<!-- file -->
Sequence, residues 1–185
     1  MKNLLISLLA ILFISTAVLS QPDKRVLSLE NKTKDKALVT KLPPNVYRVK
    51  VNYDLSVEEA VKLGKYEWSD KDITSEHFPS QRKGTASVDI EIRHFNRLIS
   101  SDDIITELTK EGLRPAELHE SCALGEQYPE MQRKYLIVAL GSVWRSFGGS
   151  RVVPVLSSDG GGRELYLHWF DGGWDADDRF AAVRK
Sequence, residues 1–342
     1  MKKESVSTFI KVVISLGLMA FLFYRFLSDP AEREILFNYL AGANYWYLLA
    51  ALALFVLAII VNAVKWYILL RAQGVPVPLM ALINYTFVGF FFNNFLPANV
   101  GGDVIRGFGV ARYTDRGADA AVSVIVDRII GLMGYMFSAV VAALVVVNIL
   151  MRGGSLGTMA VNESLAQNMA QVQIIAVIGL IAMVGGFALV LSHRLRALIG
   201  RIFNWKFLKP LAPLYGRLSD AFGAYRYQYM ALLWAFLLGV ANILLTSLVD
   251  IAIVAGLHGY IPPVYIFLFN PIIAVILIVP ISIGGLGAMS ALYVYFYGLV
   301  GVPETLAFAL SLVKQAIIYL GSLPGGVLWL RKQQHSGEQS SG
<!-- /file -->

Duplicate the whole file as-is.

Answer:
Sequence, residues 1–185
     1  MKNLLISLLA ILFISTAVLS QPDKRVLSLE NKTKDKALVT KLPPNVYRVK
    51  VNYDLSVEEA VKLGKYEWSD KDITSEHFPS QRKGTASVDI EIRHFNRLIS
   101  SDDIITELTK EGLRPAELHE SCALGEQYPE MQRKYLIVAL GSVWRSFGGS
   151  RVVPVLSSDG GGRELYLHWF DGGWDADDRF AAVRK
Sequence, residues 1–342
     1  MKKESVSTFI KVVISLGLMA FLFYRFLSDP AEREILFNYL AGANYWYLLA
    51  ALALFVLAII VNAVKWYILL RAQGVPVPLM ALINYTFVGF FFNNFLPANV
   101  GGDVIRGFGV ARYTDRGADA AVSVIVDRII GLMGYMFSAV VAALVVVNIL
   151  MRGGSLGTMA VNESLAQNMA QVQIIAVIGL IAMVGGFALV LSHRLRALIG
   201  RIFNWKFLKP LAPLYGRLSD AFGAYRYQYM ALLWAFLLGV ANILLTSLVD
   251  IAIVAGLHGY IPPVYIFLFN PIIAVILIVP ISIGGLGAMS ALYVYFYGLV
   301  GVPETLAFAL SLVKQAIIYL GSLPGGVLWL RKQQHSGEQS SG